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We encourage you to take advantage of grants, scholarships, family contributions, savings and wages before taking out student loans to pay for college.

Sources of Free Money

When it comes to paying for college, free money in the form of grants and scholarships is best since you do not have to pay it back.

Grants and Scholarships

There are thousands of grants and scholarships available through colleges and universities, federal and state governments and public and private organizations. Grants are a type of financial aid from the federal government, your state government or your school. Scholarships are typically awarded by schools and private organizations. There are a variety of grants and scholarships, and not all of them are need-based.

Many schools automatically consider you for grants and scholarships when you apply for admission. For those not offered by your school, you can visit:

  • Discover Student Loans Free Scholarship Search is a fast and easy way to search 3 million scholarships worth more than $18 billion. Our scholarship database is updated daily. No registration required.

You can also visit:

Family Contributions and Savings Plans

Your family may be able to help you pay for college. Education Saving Plans, such as 529 Plans or Coverdell Education Savings Accounts, are investment trust accounts, often from pre-tax contributions, specifically for college costs. Other savings can include money set aside in traditional savings accounts, certificates of deposit and money market accounts.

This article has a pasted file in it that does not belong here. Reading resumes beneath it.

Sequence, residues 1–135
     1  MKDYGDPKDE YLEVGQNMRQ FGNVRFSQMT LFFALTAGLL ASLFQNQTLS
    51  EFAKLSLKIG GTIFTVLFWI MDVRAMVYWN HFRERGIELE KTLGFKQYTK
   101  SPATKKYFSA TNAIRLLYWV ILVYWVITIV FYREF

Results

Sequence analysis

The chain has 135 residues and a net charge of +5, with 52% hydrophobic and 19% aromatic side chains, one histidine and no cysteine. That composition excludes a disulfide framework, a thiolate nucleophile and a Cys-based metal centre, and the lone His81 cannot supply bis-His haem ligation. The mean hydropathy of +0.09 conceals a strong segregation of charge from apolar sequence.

The Federal Work-Study Program is a part-time employment program funded by the government that allows students to earn money that can be used to help pay for college. Money earned from other part- or full-time employment can also be used toward college expenses.

Some employers offer tuition reimbursement that will help pay for a portion of your tuition and books. Tuition reimbursement benefits vary by employer, so it is important to check the details to ensure you can take full advantage of them.

Did You Know?

Once you exhaust free money, family contributions, savings and wages, consider federal and private student loans. Student loans are designed to pick up where grants, scholarships and other types of financial aid leave off.

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